Edibles and Non-Edibles (Part II)

by Chunyan Song

Although many Americans have to be on restricted diets due to religious or health reasons, many others voluntarily avoid certain foods because material wealth and food abundance grant them the opportunity to pick and choose. When I first came to the U.S, I was struck by how limited Americans’ food choices were. As a popular saying goes, Chinese eat everything that flies except the airplane and everything with four legs except the table. Vegetables in China and many parts of the world include all kinds of plants, garden greens, herbs, water lily bulbs, and sea weed. And then of course there are also the six-legged critters which are not even considered edible in America—insects are to be avoided!

One of my favorite dishes from my childhood is scrambled eggs with shepherd’s purse, a dark leafy green vegetable with a potent anti-inflammatory effect. In China, shepherd’s purse grows both in the wild and in vegetable gardens. Most Americans probably have never heard of such a thing and will definitely consider it as another inedible weed. In the middle of March or early April, when shepherd’s purse springs out the field everywhere, village kids will be sent out with a basket and a scoop to gather the plant just like American kids go egg-hunting on Easter. They share stories and crack jokes along the way. After they come home with their baskets full, the harvest will soon appear at the dinner table for the entire family to enjoy. For many people, the aroma of shepherd’s purse scrambled eggs marks the official start of the spring season.

The mainstream food culture of the United States rules out a large range of potentially nutritious food as inedible. Only a very limited number of animals, such as cows, pigs and sheep are considered edible. And when those cows, pigs and sheep are slaughtered, they change name and are called beef, pork and lamb, a conspiracy to disguise the fact that they were live animals before.

Another one of my childhood favorite dishes is fried silkworms. The word “worm” will definitely gross Americans out. Actually, silkworms are much cleaner than most of the other animals we eat. Their bodies never touch the ground, and they only feed on mulberry leaves. When it is fried, it is really rather a very delicious food. Coated with a generous layer of oil, salt, and pepper, the silkworms are crispy outside while tender inside. They taste like nothing else, but only one hundred times better than everything else. I used to eat them one by one, chewing slowly while savoring the crunching sound and buttery taste. Even writing about it makes my mouth start to water profusely. Chinese also like to eat frogs. Koreans eat dogs. French eat horses. Of these foods, at least two of them are well loved pets in America. However, rich in nutrients and protein, they are actually very tasty, only if you dare to try.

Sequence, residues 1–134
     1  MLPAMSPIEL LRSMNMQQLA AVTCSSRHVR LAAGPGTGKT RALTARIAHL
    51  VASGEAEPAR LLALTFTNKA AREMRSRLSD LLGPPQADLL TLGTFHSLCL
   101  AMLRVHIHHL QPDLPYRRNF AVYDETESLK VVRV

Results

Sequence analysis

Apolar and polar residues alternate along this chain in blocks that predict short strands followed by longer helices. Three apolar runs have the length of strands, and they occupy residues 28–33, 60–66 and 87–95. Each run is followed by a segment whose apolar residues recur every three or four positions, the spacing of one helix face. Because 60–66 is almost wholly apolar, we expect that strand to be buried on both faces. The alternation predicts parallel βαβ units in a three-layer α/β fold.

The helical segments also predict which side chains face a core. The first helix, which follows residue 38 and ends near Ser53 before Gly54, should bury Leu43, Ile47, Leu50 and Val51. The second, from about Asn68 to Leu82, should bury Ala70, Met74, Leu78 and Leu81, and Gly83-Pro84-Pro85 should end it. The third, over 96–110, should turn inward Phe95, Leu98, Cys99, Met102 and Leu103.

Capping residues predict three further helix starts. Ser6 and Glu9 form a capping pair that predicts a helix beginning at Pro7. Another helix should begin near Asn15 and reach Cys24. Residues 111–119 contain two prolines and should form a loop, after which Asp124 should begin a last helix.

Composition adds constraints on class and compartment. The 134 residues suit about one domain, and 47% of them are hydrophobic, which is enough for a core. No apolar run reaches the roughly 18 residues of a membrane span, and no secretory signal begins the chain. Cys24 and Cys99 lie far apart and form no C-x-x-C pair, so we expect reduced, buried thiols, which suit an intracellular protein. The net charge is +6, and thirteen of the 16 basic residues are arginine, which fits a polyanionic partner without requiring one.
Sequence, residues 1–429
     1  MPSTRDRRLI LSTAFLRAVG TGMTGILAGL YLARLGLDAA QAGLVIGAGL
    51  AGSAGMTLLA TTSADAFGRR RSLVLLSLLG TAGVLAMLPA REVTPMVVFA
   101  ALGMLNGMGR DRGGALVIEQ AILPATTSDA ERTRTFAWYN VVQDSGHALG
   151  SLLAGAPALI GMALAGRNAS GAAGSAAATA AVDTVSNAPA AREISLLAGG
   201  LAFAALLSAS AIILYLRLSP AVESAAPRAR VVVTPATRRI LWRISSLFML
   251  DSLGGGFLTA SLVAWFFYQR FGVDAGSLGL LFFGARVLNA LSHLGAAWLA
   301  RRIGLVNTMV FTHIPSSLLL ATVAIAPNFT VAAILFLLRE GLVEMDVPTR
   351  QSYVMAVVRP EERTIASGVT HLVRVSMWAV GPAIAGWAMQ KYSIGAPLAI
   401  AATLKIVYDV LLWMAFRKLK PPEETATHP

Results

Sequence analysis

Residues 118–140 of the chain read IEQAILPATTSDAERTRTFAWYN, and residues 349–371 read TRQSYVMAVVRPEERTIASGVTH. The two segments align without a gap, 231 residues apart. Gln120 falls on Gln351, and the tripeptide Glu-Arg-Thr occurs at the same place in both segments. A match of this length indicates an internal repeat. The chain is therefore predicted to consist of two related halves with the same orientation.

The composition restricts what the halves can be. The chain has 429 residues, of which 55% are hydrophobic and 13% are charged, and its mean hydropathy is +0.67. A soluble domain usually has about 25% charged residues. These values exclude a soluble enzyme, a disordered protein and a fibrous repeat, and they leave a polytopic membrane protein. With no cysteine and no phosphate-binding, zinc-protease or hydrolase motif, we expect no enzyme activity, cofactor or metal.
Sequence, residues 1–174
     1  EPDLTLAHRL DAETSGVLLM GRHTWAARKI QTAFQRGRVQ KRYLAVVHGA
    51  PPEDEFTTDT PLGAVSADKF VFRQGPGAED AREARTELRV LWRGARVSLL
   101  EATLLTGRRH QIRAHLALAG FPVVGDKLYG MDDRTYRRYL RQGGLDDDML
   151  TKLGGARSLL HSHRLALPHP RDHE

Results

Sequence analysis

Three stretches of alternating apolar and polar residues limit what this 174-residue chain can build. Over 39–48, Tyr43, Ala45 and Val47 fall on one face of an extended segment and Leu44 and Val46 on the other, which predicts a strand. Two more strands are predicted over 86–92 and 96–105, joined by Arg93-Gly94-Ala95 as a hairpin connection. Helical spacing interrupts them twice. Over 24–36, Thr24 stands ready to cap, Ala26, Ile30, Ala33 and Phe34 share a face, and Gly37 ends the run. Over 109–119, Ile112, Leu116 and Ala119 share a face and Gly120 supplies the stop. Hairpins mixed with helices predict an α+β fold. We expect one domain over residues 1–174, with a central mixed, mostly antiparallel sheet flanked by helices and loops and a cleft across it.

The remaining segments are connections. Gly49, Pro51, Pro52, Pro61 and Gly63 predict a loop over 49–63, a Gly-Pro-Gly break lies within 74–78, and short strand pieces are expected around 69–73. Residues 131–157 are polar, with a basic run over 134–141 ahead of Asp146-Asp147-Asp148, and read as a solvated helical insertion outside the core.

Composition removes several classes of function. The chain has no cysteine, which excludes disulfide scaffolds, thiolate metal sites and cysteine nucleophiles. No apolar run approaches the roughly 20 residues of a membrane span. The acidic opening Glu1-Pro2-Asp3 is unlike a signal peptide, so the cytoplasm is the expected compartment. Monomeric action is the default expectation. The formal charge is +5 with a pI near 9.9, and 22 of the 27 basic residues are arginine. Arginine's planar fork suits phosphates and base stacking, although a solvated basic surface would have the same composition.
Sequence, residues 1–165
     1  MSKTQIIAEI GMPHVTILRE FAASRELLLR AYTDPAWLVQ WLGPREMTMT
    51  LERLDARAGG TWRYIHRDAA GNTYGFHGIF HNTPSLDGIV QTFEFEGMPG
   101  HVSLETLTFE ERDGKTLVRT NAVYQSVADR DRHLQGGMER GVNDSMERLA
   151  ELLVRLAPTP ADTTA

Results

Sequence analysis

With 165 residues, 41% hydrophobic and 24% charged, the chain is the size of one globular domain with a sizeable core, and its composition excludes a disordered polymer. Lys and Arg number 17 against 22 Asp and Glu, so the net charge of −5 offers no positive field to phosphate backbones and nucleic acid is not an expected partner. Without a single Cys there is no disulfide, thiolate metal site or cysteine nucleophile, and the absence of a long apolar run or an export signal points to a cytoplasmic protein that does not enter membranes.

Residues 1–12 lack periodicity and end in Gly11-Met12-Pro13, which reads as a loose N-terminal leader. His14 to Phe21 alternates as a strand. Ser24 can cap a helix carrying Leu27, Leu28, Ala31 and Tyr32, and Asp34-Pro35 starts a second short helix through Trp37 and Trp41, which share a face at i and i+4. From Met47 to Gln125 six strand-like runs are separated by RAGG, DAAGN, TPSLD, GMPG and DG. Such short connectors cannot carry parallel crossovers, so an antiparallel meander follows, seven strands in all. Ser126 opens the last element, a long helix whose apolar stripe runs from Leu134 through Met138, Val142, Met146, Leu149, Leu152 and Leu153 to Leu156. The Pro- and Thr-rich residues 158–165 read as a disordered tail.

In America, so many of the animal body parts, such as the heads, necks, and feet, are deemed valueless and are thrown away. But what turns the stomachs of Americans is often eaten with relish elsewhere. For example, nothing is scarier and more disgusting to Americans than eating chicken feet. Nowadays, thanks to a high demand from China and global trade, the U.S. exports about 300,000 metric tons of chicken feet to China every year.  Eating chicken feet does not make the Chinese disgusting or more barbaric than Americans. It is ethnocentric to judge other people using the American standard. And in fact, much of the rest of the world has never had the luxury to be fussy about what they eat. When faced with overpopulation and limited resources, they ate what nature provided. No food was ever wasted. Being wasteful was shameful.

Oddly though while so much nutritious food is regarded as inedible in America, Americans incorporate dangerous amount of substances with no nutritional value into their diets. How Americans love their sugar! They even call their wives and kids “sweeties” and “honey.” Even after seventeen years of living here, I, who haven’t developed a sweet tooth like Americans, and still find it uncomfortable to use these two food words on anyone, even my own family. After I learned to read the labels, sugar all of a sudden turned up in everything and everywhere. It is in the bread, the soup, the drink, and the dessert. Candies, cookies, and cakes, loaded with sugar and food coloring, are served during all the holidays, at birthday parties, at meetings, gatherings, and even at the dentist office and physician’s office where I think they should have known the best. It is estimated that on average an American adult consumes 150 to 170 pounds of refined sugar a year. Since I barely eat any refined sugar nowadays, someone out there must be consuming my share of 150 pounds too. For decades, the sugar industry conducted pseudo-scientific research projects that led the Americans to blame their poor health on the fat. It was only in 2016 that this sugar conspiracy was made public knowledge.

Editor’s Note

I. Introduction: We Are What We Eat

II. Edibles and Non-edibles

III. Mass Food Production and its Ills

IV.  The Sad SAD Diet

V.  Identity–You Are What You Eat

VI.  Conclusion–The American Diet

5 thoughts on “Edibles and Non-Edibles (Part II)

  1. This reminds me of all the soft drinks sold at schools in vending machines, the sugar high the kids get from these drinks…and the profit the booster club makes from the money the kids spend on sugar.

  2. Check out the American diet in the Deep South! Fried pie and the resulting epidemic of diabetes!

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